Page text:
Friday, April 22, 2005
Showing visitors around
On Saturday, one of those bright beautiful spring days of this past weekend, my visitors arrived. Buz and Diane, who come from New Glarus, Wisconsin, arrived at 2 p.m. After catching up with the lives of family and friends that I had grown up with in Madison, we set off on a trip to show them the sights of Carlisle and Concord.
As we had done with other visitors in times past, we headed to the North Bridge in Concord, not the usual hike through the Estabrook Woods, but this time by car. My husband Ken dropped Diane and me off at the Buttrick Mansion in the National Park so we could walk down the hill, across the bridge to the Minute Man statue. Ken and Buz would pick us up on Monument Street. Along the way, I did my best to describe the Bicentennial celebration of 1975 to Diane. "It was over there (pointing towards Fenn School) that President Ford flew in by helicopter to take part in the celebration," I explained. "And here on the hillside is where the many protesters camped overnight."
At the foot of the bridge, we circled the Minute Man statue sculpted by Daniel Chester French and paused long enough to read Ralph Waldo Emerson's phrase "the shot heard round the world." On the other side of the Concord River, we stopped to listen to the park ranger describe in detail the happenings of that fateful day, April 19, 1775, which was the beginning of the Revolutionary War.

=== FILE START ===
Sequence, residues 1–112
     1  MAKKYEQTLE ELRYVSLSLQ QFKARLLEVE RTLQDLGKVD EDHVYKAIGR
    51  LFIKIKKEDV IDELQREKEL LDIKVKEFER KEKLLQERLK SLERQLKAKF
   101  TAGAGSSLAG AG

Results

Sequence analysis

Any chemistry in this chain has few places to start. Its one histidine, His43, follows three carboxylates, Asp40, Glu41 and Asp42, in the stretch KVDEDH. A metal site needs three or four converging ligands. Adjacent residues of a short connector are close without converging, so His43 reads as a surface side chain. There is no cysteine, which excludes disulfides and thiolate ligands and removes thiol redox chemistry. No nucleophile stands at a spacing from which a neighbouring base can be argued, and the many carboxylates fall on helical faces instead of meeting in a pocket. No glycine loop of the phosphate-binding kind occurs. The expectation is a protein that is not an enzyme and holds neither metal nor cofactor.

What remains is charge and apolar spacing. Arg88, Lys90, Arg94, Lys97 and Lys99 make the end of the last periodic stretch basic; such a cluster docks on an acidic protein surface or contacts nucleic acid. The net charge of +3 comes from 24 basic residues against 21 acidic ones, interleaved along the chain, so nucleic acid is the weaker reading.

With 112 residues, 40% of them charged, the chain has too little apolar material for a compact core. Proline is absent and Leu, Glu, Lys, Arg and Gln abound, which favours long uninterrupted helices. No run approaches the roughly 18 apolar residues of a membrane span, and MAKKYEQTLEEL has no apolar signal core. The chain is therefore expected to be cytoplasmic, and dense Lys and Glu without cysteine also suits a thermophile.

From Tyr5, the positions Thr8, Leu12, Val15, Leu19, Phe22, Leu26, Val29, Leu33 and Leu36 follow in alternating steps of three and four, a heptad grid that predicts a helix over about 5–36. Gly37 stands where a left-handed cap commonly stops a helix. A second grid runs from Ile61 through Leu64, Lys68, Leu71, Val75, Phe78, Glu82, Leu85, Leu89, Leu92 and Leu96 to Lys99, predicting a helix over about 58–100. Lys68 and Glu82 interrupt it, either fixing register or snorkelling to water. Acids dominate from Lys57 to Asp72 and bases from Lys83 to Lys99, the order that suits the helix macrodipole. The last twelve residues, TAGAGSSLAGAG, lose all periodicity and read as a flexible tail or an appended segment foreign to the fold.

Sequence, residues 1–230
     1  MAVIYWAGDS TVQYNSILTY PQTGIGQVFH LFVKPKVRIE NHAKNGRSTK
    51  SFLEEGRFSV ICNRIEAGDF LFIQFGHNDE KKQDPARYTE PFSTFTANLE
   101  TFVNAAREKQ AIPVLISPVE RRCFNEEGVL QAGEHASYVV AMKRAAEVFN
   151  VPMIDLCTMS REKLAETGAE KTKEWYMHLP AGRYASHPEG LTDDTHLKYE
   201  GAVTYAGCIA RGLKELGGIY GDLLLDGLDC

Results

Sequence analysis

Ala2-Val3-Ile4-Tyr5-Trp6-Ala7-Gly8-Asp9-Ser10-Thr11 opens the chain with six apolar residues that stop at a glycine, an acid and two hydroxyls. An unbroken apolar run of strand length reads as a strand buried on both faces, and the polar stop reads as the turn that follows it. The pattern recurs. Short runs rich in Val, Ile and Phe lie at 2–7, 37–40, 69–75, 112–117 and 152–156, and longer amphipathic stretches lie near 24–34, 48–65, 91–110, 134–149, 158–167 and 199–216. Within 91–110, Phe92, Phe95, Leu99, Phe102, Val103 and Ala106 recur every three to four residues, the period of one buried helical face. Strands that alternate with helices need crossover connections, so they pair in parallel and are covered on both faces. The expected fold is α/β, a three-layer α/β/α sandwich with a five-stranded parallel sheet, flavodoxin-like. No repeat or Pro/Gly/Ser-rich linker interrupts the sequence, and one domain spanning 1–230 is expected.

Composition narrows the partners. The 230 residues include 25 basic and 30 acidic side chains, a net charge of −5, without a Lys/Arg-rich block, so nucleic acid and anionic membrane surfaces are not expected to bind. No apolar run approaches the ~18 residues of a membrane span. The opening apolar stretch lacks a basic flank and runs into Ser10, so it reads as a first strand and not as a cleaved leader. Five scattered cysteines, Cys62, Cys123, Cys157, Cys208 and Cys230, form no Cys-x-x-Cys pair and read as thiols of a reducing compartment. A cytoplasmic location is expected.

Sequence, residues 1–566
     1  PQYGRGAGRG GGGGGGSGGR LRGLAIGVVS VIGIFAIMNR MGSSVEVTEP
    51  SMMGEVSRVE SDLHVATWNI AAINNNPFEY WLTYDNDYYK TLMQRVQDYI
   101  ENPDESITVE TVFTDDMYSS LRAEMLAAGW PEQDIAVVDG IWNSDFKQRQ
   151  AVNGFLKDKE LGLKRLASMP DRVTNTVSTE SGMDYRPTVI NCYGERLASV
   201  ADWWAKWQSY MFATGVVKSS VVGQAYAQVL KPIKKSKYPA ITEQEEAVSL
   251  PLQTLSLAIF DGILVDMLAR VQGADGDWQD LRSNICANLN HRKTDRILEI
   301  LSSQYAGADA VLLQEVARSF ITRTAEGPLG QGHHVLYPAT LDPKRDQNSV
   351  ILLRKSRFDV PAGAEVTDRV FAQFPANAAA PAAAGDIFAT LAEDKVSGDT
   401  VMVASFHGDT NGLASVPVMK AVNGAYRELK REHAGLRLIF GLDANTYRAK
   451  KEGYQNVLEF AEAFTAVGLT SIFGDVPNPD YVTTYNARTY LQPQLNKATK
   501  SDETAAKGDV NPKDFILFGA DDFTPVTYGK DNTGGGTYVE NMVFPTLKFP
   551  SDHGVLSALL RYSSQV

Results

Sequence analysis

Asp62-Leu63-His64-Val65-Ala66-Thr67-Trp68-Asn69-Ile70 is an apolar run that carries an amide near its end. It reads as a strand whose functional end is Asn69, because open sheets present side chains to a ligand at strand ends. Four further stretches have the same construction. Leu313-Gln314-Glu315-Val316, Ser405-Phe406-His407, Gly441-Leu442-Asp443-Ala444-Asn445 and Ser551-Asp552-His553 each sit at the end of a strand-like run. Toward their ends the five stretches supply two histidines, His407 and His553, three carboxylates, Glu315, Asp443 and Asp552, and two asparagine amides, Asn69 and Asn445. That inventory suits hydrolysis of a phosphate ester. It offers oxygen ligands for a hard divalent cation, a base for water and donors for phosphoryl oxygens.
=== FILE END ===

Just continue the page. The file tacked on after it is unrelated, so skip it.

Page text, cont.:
Our next stop was Orchard House, where Louisa May Alcott had lived. By now it was after 4:30 p.m. and the house and her father's school had closed for the day. We walked further down the road to The Wayside, which once was the home of Samuel Whitney, muster master for the Concord Minute Men. During the 19th century, at different times it was home to three literary families — the Alcotts, Nathaniel Hawthorne and Margaret Sidney, author of Five Little Peppers. The house was yet to open for the season.
Back in the car again, we drove to Monument Square and then climbed to the Old Hill Burying Ground. There we wandered through the weathered stones with names now associated with roads in Concord such as Hubbard and Keyes.
Our last stop for the day was the Sleepy Hollow Cemetery, a short distance down Bedford Road, where we walked up Authors Ridge and paid our respects to the graves of Ralph Waldo Emerson, Louisa May Alcott and Henry David Thoreau.
On Sunday morning, after breakfast we took our guests for a drive around our town. There are plenty of cranberry bogs in Northern Wisconsin, but we decided to start the Carlisle tour at the 40-acre Cranberry Bog on Curve Street. Under a spectacular clear blue sky we walked across the bog, stopping to spot a sharp-shinned hawk sailing over the Ballantines' log house on Fiske Street and listening to the call of bluebirds and watching one fly across the bog.
Then it was back in the car for a drive through Great Brook Farm State Park on North Road, past the ice cream stand in the distance, the boat landings and then on to Rutland Street and back to the center of town. Before heading home to Estabrook Road, we swung past "This New Old House" and the goat farm on Indian Hill Road.
At 11 a.m., as Buz and Diane climbed into their car for the trip into Boston, Ken and I stood on the porch and looked at one another with smiles on our faces. Yes, we agreed, we live in a pretty special and interesting corner of America. We were happily reminded of this once again by the simple act of showing visitors around.